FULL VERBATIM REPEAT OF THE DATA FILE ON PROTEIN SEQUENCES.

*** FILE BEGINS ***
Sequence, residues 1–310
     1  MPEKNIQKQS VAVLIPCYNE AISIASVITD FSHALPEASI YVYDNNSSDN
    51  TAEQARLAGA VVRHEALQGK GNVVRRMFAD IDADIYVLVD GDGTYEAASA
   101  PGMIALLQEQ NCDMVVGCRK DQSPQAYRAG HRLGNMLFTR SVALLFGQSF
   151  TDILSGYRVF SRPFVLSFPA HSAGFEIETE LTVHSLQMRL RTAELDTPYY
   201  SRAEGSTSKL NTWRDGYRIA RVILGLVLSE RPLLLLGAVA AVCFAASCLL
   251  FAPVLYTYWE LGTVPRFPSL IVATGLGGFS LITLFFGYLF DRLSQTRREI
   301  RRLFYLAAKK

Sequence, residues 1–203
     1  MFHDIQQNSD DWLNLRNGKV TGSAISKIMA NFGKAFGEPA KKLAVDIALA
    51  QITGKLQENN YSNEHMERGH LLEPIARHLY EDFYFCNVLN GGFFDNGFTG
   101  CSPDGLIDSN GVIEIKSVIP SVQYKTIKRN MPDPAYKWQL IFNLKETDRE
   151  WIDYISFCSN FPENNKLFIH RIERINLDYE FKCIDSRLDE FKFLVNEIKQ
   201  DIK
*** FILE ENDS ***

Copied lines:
Sequence, residues 1–310
     1  MPEKNIQKQS VAVLIPCYNE AISIASVITD FSHALPEASI YVYDNNSSDN
    51  TAEQARLAGA VVRHEALQGK GNVVRRMFAD IDADIYVLVD GDGTYEAASA
   101  PGMIALLQEQ NCDMVVGCRK DQSPQAYRAG HRLGNMLFTR SVALLFGQSF
   151  TDILSGYRVF SRPFVLSFPA HSAGFEIETE LTVHSLQMRL RTAELDTPYY
   201  SRAEGSTSKL NTWRDGYRIA RVILGLVLSE RPLLLLGAVA AVCFAASCLL
   251  FAPVLYTYWE LGTVPRFPSL IVATGLGGFS LITLFFGYLF DRLSQTRREI
   301  RRLFYLAAKK

Sequence, residues 1–203
     1  MFHDIQQNSD DWLNLRNGKV TGSAISKIMA NFGKAFGEPA KKLAVDIALA
    51  QITGKLQENN YSNEHMERGH LLEPIARHLY EDFYFCNVLN GGFFDNGFTG
   101  CSPDGLIDSN GVIEIKSVIP SVQYKTIKRN MPDPAYKWQL IFNLKETDRE
   151  WIDYISFCSN FPENNKLFIH RIERINLDYE FKCIDSRLDE FKFLVNEIKQ
   201  DIK